Travel Thursday, Fort Casey and Fort Ebey

Port Townsend was my last full day in Washington, and we were actually able to hit a few different spots throughout the day. I’ve come to realise that Washington is full of many, many state parks. I have also come to realise that Washington’s history is actually pretty diverse than what I originally thought- not just a later developing west coast area, but rather rich with military and maritime history. It doesn’t hurt that most of these parks are gorgeous forests with spectacular ocean views… While I wouldn’t spend a whole day in either of these parks (if you are outdoorsy, you might), it was wonderful to take some time to see what they were about!

Fort Casey State Park is on Whidbey Island itself, and is about a two minute drive from the Port Townsend ferry! We stopped here before we headed over to Port Townsend. It was incredibly grey and foggy (I’m weird, it’s my favourite kind of weather), and while i could see the remains of the Fort itself, I could not see the ocean. I could hear the water, but theoretically someone could have just been playing really convincing noises. I’m going to assume they weren’t….



Originally the fort was built was in the nineteenth century to protect Washington against marine attacks. The huge disappearing guns could be raised to fire and then be lowered immediately again to prevent damage. According to Wikipedia, the guns were essentially obsolete by the time construction was done because air technology allowed for accurate and mobile attacks. The guns were removed to be used in artillery units in the First World War and scrapped before the Second World War. The guns there now were originally in the Philippines, sent over in the 1960s.


There are explicit signs all over the base telling you in no uncertain terms to stay off of the guns, but if you look up #fortcasey, it’s countless tourists doing just that. Nice to see that people can not care…


Looking into the 10 inch barrel of this gun made me think of what of it must have been like in the First World War- what would it have been like knowing that this was on the other side, waiting to fire at you? And what kind of destruction would you expect from it? It is a rather sombering moment, in the rain and fog.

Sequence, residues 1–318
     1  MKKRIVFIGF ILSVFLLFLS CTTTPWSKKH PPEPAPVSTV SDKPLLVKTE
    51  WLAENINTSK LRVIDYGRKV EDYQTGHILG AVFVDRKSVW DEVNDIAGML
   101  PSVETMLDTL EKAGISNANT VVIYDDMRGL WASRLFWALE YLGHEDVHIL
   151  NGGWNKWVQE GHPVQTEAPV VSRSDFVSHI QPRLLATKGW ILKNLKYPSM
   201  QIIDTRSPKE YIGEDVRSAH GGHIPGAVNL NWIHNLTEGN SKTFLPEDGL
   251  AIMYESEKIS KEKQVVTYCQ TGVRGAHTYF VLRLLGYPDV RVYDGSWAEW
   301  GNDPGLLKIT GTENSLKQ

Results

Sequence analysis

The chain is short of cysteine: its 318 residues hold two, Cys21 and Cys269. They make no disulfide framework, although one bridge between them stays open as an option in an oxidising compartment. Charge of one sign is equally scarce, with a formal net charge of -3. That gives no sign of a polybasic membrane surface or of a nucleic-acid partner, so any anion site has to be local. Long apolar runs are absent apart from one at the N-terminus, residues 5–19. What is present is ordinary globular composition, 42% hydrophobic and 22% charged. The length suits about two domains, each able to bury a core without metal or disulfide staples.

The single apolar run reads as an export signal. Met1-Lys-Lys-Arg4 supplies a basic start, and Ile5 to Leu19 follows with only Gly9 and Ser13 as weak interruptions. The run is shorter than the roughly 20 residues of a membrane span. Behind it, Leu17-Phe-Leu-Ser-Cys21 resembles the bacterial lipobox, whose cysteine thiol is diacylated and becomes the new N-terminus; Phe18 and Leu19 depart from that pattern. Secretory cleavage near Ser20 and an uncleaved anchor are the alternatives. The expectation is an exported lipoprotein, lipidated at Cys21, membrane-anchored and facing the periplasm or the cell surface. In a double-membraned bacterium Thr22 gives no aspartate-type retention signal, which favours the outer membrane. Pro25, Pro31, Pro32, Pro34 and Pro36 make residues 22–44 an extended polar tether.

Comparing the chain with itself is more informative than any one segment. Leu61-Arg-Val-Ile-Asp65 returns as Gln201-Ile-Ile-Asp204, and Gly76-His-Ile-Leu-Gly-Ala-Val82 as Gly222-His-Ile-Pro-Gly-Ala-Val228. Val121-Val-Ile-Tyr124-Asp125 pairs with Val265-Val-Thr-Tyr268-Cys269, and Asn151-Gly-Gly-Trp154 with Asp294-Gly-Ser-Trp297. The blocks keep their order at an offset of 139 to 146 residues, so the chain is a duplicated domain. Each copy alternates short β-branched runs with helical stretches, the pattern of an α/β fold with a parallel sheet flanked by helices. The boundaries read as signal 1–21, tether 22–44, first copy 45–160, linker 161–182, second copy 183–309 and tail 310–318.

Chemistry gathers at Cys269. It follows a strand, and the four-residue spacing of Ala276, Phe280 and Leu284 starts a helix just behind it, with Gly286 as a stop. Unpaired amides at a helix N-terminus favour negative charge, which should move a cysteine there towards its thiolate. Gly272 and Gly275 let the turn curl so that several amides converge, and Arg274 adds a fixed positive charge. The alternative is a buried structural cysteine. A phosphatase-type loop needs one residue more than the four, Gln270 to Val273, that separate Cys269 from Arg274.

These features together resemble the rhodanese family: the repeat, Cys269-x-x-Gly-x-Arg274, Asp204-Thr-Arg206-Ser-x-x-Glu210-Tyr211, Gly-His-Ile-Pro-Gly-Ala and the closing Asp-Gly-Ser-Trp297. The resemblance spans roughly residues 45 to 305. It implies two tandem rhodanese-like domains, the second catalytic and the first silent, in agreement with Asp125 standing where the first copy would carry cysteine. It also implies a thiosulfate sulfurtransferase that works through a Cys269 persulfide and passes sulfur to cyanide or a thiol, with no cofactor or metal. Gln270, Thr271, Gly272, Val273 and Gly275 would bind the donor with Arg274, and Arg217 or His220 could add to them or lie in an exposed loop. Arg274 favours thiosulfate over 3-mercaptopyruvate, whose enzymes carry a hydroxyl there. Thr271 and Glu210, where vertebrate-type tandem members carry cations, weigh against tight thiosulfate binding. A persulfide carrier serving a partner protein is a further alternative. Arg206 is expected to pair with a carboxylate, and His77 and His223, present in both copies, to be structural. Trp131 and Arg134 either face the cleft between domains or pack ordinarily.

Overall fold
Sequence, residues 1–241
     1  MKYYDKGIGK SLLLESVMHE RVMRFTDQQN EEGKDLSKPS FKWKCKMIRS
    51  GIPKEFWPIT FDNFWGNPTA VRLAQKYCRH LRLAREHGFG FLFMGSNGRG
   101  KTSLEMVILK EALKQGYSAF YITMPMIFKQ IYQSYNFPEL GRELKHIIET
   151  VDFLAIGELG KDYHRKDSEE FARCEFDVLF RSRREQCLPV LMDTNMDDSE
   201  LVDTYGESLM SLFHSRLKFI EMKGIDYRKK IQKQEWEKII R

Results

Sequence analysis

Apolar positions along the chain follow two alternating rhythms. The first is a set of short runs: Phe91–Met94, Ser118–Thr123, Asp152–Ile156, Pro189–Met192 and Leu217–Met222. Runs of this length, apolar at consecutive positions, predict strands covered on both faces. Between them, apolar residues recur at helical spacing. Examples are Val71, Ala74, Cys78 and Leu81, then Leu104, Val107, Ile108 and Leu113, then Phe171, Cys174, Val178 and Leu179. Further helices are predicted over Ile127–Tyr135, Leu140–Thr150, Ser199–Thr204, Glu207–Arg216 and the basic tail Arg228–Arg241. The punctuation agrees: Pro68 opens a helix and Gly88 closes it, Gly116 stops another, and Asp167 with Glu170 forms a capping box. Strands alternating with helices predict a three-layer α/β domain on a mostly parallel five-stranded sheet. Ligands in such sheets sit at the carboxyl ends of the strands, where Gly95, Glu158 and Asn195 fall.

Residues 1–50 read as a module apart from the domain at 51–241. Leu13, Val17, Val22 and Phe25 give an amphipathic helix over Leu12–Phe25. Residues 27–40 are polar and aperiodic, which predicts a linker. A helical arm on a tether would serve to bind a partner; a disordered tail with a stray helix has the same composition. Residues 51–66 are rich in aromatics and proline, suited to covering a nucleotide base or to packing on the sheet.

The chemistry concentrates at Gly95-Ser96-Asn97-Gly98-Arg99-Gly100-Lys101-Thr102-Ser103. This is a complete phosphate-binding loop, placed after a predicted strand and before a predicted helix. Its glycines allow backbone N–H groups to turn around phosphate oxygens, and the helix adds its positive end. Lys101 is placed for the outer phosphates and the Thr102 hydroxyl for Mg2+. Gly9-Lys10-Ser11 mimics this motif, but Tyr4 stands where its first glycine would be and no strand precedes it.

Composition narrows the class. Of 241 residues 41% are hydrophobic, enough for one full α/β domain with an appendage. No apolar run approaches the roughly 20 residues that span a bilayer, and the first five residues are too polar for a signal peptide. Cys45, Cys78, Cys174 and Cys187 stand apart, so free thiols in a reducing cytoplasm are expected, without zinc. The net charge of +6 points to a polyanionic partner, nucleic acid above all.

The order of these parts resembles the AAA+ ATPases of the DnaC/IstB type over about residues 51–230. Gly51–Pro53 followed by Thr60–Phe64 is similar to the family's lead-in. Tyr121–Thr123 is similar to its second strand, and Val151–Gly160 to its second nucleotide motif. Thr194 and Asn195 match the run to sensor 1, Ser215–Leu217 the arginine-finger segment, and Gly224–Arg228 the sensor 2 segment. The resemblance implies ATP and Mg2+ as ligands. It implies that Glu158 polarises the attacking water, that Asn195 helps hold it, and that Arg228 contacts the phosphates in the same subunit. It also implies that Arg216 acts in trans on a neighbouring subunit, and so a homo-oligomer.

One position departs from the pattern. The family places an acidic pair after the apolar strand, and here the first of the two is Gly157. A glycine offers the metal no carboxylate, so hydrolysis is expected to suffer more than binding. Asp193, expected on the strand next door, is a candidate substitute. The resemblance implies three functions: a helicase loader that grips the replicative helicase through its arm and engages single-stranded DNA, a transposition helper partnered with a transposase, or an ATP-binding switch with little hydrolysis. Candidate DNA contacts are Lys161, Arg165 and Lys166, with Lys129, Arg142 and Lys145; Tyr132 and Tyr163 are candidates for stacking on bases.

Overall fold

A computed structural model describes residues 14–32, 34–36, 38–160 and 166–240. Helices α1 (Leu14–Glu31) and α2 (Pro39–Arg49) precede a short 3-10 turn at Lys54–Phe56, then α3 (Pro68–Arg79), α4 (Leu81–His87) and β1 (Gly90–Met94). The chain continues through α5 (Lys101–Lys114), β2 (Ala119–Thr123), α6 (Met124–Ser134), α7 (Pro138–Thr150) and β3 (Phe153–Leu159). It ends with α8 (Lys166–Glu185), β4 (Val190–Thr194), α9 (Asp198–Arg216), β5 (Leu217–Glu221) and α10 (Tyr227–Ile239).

If you were stationed here, what would it have been like to look out for days at a time and not know what was waiting for you on the other side of the fog?



Walking along the top of the fort, it felt like we were in a WWI/WWII BBC drama, with the fog and the rain and the bleak fort. While it wouldn’t have been rusted and chipping away in it’s hey day, it still wouldn’t have been The Goring Hotel by any stretch of the imagination.


All of the batteries have full, proper English names (which entertained me given the whole American revolution deal, but I digress.), which I didn’t learn until I got home and started googling. From what I can see now, the interiors are just empty shells. Interesting, but I find that empty, remaining shells of buildings often give me a serious case of the heebie jeebies. I keep reminding myself that at one point, it was not empty but rather full of life and people!


There must be restorers in here from somewhere, because the paint looks fairly new and fresh, with no chipping, on the wooden building. There is also paint and plywood and a few other supplies, so I’m thinking that they occasionally come and touch it up to maintain against the sea water constantly spraying up.



After we landed back on the mainland from Port Townsend, we quickly stopped at Fort Ebey! While I didn’t spot any ruins from it’s military origins, there are some pretty beautiful views. I noticed quite a few people with mountain bikes and hiking shoes, and many people with their dogs. It is a recreational park now, and I can see that it would be a good destination for the active outdoorsy folk out there! As you can see, it was quite sunny out and we were treated with these sights!

Fort Ebey View 1

Fort Ebey Panoramic

This small sailboat was making it’s way along, amongst much larger crafts passing it at much higher speeds. While I am not a water person myself, I should think that it would be quite a peaceful feeling to be out in the water like that! It almost reminds me of a very teeny Viking longship.

Fort Ebey Sailboat

I’m sorry, we were going to take a selfie! You can’t not take one when there are views like this behind you with the sun brightly shining.

Fort Ebey Selfie

You can really see the mountains over on this side of the island, and they look pretty spectacular, even from this distance. Everywhere you go in Washington, you can play spot Mt. Ranier! (Maybe I will try to make my way there- if it’s a mountain that people do go to. I’ll have to do some research on that one….) Although they are much closer when you are over in Port Townsend, I personally believe that it is a nicer view with the ocean view.

Fort Casey Mountain View

While these parks are fairly close together, they look like night and day from this pictures! I don’t know a ton of US history, but I was still happy I was able to take a few moments in each park to take them in. This landscape is essentially the exact opposite of the prairies, so I find it fascinating to learn how the ocean and the mountains factored into their history and culture. I’m probably never going to read the entire historiography of it, but I would love to get my hands on a book of Washington military history. As a historian, this day was perfect for my curiosity! M is pretty much the perfect tour guide for me, he knows just what I will enjoy!

What historical sites have been your favourite? Have you ever had a sudden realisation when visiting somewhere? 

Until tomorrow,
The Historian!

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